Tales from the Archives: Black Leaders Visit Campus

St. Thomas junior Joe Hudson interviews Charles Evers.

As St. Thomas hosts several speakers and performers this February to commemorate Black History Month, Ann Kenne, head of special collections and archivist at St. Thomas, recalls St. Thomas' history of welcoming Black speakers to inform and engage our community. Two such speakers who visited St. Thomas in the late 1960s and early 1970s were Charles Evers and Dick Gregory.

On Oct. 15, 1968, Charles Evers visited the College of St. Thomas where he addressed a crowd of students and faculty in Murray Hall. Evers was the brother of civil rights leader, Medgar Evers, who was assassinated by white supremacists on June 12, 1963. After his younger brother’s murder, Charles Evers became the field secretary for the Mississippi branch of the NAACP - the post Medgar had held - and continued his brother’s work to advocate for civil rights in the state of Mississippi.

In his talk to the assembled group at St. Thomas, Evers addressed the progress that had been made in his home state registering black voters, but he also charged the students to “carry the message of change to the older generation to insure equality for all citizens in the future.”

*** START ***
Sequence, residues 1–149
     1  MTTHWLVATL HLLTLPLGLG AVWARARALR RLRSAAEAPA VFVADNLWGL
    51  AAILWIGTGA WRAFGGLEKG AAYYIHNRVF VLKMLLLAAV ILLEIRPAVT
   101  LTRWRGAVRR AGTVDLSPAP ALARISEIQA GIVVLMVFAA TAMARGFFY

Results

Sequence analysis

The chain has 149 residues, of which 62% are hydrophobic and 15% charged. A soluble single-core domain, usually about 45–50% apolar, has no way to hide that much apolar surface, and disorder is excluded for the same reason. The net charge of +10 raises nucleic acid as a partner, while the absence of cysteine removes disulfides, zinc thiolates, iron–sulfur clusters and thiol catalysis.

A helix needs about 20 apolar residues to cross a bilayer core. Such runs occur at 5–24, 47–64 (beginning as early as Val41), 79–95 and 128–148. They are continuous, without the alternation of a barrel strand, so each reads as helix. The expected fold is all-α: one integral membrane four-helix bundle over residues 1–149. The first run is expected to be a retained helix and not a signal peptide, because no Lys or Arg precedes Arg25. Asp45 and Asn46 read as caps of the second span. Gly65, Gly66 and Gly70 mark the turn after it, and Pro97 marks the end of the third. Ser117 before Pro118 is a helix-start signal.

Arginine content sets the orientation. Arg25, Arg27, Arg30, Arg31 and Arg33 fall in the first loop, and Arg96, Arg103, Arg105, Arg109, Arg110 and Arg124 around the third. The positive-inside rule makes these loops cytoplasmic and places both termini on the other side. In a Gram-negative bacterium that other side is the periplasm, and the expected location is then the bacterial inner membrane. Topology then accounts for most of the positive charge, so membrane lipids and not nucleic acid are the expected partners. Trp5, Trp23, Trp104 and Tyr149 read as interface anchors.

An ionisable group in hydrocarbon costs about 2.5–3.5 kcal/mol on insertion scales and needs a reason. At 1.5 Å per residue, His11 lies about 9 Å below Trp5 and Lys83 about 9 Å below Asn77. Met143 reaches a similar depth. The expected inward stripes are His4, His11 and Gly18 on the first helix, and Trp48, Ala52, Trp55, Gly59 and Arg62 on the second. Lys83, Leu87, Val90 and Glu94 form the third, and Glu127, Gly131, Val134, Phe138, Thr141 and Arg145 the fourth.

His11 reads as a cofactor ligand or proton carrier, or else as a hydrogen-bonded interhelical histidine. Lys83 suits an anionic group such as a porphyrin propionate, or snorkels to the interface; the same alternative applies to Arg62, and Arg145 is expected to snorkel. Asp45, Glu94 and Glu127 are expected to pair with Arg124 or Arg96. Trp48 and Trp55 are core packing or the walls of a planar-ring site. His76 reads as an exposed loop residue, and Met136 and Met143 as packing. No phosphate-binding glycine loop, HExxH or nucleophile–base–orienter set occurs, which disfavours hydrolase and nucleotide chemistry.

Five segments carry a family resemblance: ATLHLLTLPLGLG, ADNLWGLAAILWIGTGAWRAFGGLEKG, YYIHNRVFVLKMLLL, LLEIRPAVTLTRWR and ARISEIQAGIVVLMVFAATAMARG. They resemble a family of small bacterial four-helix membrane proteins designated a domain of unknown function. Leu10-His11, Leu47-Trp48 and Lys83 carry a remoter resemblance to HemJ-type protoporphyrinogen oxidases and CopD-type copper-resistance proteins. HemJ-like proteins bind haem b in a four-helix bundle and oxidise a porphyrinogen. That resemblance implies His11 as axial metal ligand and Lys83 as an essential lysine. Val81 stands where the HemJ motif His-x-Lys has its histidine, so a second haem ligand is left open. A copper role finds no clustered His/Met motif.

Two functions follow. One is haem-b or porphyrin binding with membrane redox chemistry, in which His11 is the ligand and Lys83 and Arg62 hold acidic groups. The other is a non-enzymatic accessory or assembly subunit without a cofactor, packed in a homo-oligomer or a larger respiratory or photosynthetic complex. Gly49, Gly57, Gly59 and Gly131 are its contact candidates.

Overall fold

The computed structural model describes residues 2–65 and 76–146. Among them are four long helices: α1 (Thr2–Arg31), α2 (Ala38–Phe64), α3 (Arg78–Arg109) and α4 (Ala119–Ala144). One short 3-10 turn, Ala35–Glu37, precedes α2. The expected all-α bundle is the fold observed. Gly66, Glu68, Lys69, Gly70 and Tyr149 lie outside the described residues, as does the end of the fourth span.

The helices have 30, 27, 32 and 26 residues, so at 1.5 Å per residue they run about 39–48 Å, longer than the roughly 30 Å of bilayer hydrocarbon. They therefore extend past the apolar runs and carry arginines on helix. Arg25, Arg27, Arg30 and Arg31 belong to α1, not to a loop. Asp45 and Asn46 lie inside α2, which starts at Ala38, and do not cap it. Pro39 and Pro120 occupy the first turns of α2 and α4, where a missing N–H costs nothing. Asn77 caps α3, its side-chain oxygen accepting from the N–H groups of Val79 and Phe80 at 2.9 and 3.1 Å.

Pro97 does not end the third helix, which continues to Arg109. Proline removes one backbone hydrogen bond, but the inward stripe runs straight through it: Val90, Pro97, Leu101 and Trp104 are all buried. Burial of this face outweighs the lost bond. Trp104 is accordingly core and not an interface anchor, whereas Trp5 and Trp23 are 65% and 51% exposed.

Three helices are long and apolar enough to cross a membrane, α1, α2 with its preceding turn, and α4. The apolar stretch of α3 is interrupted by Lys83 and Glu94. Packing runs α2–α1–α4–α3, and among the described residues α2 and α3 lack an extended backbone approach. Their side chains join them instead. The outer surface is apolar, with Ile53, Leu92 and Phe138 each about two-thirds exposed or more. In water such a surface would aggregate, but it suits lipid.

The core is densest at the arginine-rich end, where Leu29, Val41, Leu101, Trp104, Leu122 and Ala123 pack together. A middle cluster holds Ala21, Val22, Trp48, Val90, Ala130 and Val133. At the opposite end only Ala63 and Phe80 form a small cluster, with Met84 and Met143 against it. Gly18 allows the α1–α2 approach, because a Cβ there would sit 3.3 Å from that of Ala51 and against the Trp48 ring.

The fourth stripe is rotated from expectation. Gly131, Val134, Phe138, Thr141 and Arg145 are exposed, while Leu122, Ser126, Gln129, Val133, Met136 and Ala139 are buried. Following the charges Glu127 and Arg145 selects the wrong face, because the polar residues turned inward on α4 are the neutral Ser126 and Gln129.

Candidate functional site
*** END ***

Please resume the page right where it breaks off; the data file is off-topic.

Wearing an “HHH” pin, Evers also used his platform to campaign for Hubert H. Humphrey in the upcoming 1968 presidential election. In Evers opinion, the “only sane man left in the race” was Humphrey.

Dick Gregory speaks at St. Thomas in 1970.
Dick Gregory speaks at St. Thomas in 1970.

Dick Gregory, who worked closely with Medgar Evers and Rev. Martin Luther King, Jr., also visited campus. He was one of the first black comedians to have crossover success with white audiences. He used his satiric style of humor to confront racism and social justice issues with his audience. By the late 1960s, Gregory had moved away from his comedic career to focus full time on advocating for civil and human rights.

On March 4, 1970, Gregory brought his message to a crowd of St. Thomas students assembled in the old Armory. In his talk, Gregory spoke on a wide range of issues from racism to the Vietnam War to Native American rights. His critical view of the United States at the time led some listeners to brand him as a militant. Gregory ultimately challenged the assembled St. Thomas crowd to make dedicated commitment to solve the nation’s problems. “The only way to change this country is for you young kids to rally around morality,” he stated.